Florida Panther Numbers Still Low, but Growing

Refer to caption.
A Florida panther mother and her three cubs. Florida Panther Family by David Shindle. Public Domain.

The excellent and engaging science communicator, Dr. David Steen, recently shared an encouraging article on his Facebook page. Written by Andrew Atkins, the story covers the population growth of Florida panthers.

“Florida panther” is a local name given to Puma concolor, the same cat that goes by “mountain lion,” “cougar,” and “puma.” Puma concolor is one of the most wide-ranging large predators in the Western hemisphere, and once occupied the entire continental United States. Unfortunately, decades of state bounties, extermination efforts, and overhunting of the cats’ prey drove pumas out of the eastern two-thirds of the U.S.

Eastern cougars maintain a foothold in Florida, albeit a precarious one. As Atkins’ article explains, in the 1980s there were only 10 – 20 Florida panthers left in the wild. Now, however, Darrel Land of the Florida Fish and Wildlife Conservation Commission (FWC) believes there are between 120 – 230 Florida panthers.

While this is great news, Florida panthers are still endangered. The cats’ habitat is shrinking, which forces them into closer contact with one another than they prefer: resulting in sometimes fatal fights. In addition, panthers are frequently killed by cars while attempting to cross the road.

Thus, even though conservationists have done a great job of bringing Florida panthers back from the brink of extinction, there is more to do. Authorities and motorists must work together to reduce panther-vehicle collisions, partially by constructing wildlife crossings and remembering to drive slowly. Furthermore, panthers need more habitat in which to roam. This tweet from Dr. Steen summarizes the situation perfectly:

Atkins’ original article on News-Press.com contains far more information – be sure to visit the link below to check it out!

Click Here for the Original Article by Andrew Atkins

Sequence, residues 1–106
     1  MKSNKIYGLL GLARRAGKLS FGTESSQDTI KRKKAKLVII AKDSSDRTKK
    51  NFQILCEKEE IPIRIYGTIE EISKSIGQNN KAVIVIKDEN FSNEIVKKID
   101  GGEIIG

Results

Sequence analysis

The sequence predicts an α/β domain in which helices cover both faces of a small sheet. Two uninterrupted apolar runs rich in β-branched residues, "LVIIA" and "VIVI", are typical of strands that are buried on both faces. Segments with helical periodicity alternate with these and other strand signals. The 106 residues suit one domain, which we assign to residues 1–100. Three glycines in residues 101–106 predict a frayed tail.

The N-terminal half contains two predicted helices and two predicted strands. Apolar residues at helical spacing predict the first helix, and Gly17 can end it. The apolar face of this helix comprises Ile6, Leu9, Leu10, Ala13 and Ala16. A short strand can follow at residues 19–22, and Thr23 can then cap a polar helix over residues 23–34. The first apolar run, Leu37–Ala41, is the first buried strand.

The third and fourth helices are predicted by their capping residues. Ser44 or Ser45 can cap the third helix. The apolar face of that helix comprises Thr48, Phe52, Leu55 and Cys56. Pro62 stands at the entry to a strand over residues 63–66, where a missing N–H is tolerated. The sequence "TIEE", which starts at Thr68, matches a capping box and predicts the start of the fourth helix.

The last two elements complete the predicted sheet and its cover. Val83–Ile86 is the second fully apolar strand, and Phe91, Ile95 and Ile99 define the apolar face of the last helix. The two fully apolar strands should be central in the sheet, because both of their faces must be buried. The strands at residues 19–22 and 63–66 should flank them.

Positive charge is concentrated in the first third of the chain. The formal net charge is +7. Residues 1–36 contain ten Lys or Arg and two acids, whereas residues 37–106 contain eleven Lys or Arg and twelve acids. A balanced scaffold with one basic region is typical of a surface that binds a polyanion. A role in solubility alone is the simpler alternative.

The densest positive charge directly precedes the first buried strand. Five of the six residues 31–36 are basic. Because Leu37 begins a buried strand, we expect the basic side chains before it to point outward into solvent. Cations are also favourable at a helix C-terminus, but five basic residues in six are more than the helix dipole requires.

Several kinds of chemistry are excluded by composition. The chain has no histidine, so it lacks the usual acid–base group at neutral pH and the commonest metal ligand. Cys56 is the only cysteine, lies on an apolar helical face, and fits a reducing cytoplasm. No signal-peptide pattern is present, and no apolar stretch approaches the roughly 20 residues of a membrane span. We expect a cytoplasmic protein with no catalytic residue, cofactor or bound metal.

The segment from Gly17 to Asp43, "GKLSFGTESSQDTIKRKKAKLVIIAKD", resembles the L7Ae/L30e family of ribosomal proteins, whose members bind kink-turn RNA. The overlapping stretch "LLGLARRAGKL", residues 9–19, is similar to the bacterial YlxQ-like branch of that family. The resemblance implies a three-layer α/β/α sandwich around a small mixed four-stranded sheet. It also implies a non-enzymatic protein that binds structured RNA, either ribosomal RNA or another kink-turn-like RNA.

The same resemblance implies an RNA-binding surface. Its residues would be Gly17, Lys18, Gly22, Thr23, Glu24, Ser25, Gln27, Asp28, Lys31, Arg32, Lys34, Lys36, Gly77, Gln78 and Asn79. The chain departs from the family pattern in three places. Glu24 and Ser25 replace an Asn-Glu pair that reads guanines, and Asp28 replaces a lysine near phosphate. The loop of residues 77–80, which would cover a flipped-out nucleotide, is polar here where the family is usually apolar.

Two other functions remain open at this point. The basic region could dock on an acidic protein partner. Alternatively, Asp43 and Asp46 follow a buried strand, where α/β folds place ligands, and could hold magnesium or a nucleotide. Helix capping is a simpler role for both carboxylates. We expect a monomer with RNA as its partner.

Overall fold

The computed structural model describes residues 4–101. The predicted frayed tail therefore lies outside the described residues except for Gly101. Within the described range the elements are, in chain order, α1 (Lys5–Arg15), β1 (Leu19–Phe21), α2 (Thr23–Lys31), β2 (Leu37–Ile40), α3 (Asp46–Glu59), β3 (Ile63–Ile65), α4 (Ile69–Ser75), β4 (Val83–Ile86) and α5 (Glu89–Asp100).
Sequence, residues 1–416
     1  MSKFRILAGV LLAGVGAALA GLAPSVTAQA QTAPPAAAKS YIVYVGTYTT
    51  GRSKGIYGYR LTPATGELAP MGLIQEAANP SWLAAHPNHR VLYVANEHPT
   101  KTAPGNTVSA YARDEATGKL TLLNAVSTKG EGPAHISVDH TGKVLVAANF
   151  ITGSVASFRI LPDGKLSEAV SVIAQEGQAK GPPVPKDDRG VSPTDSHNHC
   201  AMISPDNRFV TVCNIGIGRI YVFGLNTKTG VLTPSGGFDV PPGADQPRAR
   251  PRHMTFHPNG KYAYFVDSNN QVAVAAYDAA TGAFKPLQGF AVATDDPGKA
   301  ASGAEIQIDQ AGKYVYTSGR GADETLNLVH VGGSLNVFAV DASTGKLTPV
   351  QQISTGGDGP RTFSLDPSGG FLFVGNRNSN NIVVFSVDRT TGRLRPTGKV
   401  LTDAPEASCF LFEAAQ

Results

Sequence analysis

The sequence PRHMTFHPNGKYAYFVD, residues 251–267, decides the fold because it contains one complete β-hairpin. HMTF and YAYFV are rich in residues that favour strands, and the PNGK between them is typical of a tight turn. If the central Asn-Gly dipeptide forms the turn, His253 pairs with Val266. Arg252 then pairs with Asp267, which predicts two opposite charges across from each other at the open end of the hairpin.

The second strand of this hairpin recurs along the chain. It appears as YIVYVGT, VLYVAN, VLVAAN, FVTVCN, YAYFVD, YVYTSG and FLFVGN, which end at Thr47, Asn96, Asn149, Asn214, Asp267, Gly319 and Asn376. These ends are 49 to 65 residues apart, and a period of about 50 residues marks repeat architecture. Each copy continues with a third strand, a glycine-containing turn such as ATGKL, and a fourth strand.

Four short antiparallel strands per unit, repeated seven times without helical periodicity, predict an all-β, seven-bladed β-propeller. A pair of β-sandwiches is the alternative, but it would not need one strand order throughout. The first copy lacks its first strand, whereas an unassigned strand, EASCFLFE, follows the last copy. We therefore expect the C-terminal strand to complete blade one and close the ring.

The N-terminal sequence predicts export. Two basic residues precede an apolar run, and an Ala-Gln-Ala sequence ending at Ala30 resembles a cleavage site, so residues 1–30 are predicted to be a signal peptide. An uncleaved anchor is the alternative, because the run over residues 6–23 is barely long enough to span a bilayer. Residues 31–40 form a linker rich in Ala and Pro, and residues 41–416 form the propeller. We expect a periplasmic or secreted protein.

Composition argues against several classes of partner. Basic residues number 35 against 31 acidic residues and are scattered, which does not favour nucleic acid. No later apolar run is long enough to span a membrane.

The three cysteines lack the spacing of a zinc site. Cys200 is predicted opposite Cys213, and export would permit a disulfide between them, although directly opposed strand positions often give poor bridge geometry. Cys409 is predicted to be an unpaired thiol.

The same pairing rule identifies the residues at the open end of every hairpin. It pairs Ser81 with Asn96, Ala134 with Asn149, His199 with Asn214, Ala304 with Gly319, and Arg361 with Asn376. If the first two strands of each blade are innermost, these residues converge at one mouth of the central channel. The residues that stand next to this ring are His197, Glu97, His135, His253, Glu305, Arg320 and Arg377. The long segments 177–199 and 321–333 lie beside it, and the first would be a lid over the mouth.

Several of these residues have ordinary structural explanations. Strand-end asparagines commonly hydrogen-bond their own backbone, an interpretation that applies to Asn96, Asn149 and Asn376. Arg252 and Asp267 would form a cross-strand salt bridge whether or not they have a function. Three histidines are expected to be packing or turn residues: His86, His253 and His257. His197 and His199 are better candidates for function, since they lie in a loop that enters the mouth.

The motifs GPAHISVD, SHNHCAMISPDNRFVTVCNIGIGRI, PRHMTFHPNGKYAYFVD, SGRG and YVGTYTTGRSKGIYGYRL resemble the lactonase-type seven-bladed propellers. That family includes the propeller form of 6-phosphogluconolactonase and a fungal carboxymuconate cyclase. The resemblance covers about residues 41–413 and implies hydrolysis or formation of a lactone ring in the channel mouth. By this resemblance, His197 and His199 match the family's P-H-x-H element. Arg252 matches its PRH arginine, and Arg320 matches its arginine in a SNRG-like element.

13 Thoughts

  1. They look so thin. Our new governor is trying to promote more building/housing but at what costs? We already have a water shortage and animals of all kinds are being displaced. As more developments pop up, more and more animals will be impacted. We already have coyotes coming into our neighborhoods killing pets. I’m sure Florida’s situation is similar. Going back to that article you posted not long ago about farmers and predators. It’s a tenuous balance at best.

    Liked by 1 person

    1. I’m not sure what the housing situation is like in your state, but I’m generally for more habitat protection. If there is an actual housing shortage though, then that’s something to consider.

      Coyotes are being more or less forced to live in residential neighborhoods in northeast Ohio too, because there aren’t enough woodlands for them. They have taken people’s pets, but only rarely. Unfortunately we must be willing to deal with dynamics like this, if we don’t choose to leave ample space for wildlife.

      Liked by 1 person

      1. I do not believe there is a housing shortage, though there is a shortage of affordable housing in California. I talked to a young man and he’s paying $3600 a month for a two bedroom in a so-so area. I was shocked. He shares with his father and brother.

        Liked by 1 person

Leave a Reply

Fill in your details below or click an icon to log in:

WordPress.com Logo

You are commenting using your WordPress.com account. Log Out /  Change )

Google+ photo

You are commenting using your Google+ account. Log Out /  Change )

Twitter picture

You are commenting using your Twitter account. Log Out /  Change )

Facebook photo

You are commenting using your Facebook account. Log Out /  Change )

Connecting to %s

This site uses Akismet to reduce spam. Learn how your comment data is processed.